That was the point where I started to re-organise the things which are at her height. (and brought the coins to the bank).


We now have on the lower shelves things she can take out such as my gift-wrapping box and whilst I still have to clean up, she is so pleased to mess around with colored ribbons that it makes me laugh more than anything else. 


We also have started mixing up her books on one of the lower shelves. Not only is she happy to take them out and I don't mind, but I think that it shows her that she is an integral part of the family and COUNTS. Whilst we have our books, she also has her space of her own with her books in the family book case.

  • Change the wording

When I really have to say 'non', I try and change the way I say it. For some things I will say 'stop' or 'wait'.


Also - and I must admit that this is still in the trying-to-phase - I try to phrase as much as possible things in a positive manner.

baby, no, permissive, parenting, lifestylette
baby, no, permissive, parenting, lifestylette

For instance, when she lovingly scratches my face, instead of saying 'stop you are hurting me', I take her hand to stroke my face and say 'softly, we stroke softly'.

Or if she squishes her fruit with her hand and smothers it all over the table, instead of saying: 'don't play with your food', I try and explain to her, 'food goes into your mouth'. (maybe a 'non' still manages to makes it way in those sentences)

  • Distract Baby Lifestylette

Sometimes, before I get annoyed or say 'non', I just give her another object a hairbrush, anything which will hopefully attract her attention away from the annoying object.


And sometimes I will just take her in my arms, cuddle, and sit her in another corner with, oh surprises of surprises, lots of really fun toys which are not dangerous at all.

baby, helping, chores, washing, parenting, lifestylette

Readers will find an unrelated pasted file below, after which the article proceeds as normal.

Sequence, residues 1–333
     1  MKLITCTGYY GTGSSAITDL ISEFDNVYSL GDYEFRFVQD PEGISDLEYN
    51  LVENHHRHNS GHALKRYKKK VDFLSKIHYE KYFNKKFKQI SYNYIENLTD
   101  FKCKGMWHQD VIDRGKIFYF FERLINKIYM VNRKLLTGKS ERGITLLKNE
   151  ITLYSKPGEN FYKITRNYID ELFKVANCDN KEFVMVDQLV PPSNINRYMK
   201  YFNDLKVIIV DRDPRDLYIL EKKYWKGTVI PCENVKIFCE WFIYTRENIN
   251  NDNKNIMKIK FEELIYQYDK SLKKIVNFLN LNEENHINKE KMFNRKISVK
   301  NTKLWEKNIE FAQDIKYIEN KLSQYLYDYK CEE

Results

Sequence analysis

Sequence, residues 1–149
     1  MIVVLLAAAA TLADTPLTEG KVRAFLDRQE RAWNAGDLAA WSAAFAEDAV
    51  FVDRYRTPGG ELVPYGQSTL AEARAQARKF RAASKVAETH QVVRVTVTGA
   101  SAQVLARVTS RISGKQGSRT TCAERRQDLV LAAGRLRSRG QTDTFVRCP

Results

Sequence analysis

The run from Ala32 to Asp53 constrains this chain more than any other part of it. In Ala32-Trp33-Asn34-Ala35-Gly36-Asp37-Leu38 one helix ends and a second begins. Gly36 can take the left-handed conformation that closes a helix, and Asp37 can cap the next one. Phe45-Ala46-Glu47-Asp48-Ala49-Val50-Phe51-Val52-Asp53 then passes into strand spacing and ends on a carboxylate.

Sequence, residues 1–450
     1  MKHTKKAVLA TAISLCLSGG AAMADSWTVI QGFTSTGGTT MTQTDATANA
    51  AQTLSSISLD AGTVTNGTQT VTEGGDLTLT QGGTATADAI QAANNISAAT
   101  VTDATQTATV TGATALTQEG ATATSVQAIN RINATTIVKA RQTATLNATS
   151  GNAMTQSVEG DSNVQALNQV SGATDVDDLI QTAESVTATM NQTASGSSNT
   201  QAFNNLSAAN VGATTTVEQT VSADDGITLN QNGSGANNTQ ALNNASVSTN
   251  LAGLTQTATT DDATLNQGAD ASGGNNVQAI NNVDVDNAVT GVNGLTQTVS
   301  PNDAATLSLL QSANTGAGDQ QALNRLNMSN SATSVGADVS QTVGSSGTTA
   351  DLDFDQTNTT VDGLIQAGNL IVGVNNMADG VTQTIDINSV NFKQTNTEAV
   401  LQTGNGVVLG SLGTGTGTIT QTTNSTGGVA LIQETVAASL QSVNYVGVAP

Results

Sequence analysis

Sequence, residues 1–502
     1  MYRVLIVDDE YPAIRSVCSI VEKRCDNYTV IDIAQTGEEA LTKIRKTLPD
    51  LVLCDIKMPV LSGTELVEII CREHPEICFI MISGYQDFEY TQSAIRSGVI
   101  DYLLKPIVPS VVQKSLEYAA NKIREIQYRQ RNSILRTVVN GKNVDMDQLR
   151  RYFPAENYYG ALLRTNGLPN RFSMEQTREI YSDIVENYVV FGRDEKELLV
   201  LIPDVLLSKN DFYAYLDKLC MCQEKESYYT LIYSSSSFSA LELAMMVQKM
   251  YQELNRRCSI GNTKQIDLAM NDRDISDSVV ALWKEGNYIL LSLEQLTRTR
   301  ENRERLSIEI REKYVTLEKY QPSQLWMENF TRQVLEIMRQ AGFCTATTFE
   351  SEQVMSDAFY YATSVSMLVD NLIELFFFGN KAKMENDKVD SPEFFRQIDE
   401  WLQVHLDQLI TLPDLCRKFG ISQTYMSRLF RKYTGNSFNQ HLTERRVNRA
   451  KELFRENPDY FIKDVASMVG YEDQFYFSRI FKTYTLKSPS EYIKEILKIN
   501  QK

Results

baby, helping, chores, washing, parenting, lifestylette
  •  Integrate in my 'activities'

I really often integrate Baby Lifestylette in what I do. She helps me with everything so I adapt all the house chores.


For instance when I get the washing out of the dryer, I know she wants to help and will take everything out. So we sit together and she will take all out - I will rush to the cupboards every finished pile of folded clothes so that we are both happy and there is no need for anyone to get frustrated.


Another example: the dishwasher - she really wants to help take the clean dishes out. Before anyone gets hurt or frustrated, I now organise the bottom part in plastic and breakables. All breakables are taken out first thing, then I do the upper trays and let her help me with pans, tupperware boxes or her own cutlery.

No crying involved, and no 'non'!


I still am saying 'non', but having thought about all this makes me more aware of it every time it still slips out of my mouth and I hope that this is the first step towards stopping, right?

Write a comment

Comments: 4
  • #1

    Janelle (Tuesday, 16 October 2018 09:14)

    What a lovely content ❤️ You do such a good job! I am inspired and looking forward to apply your tips and tricks �

  • #2

    Vic (Tuesday, 16 October 2018 12:44)

    It's indeed very inspiring! It's all about the balance between teaching the "rules" and encouraging the progress.

  • #3

    Lifestylette (Wednesday, 17 October 2018 21:13)

    @ Janelle: thank you so much!! :* I hope that they prove useful!!

  • #4

    Lifestylette (Wednesday, 17 October 2018 21:14)

    @ Vic: thank you! Yes exactly, I find it really difficult to balance both...happy for any tips!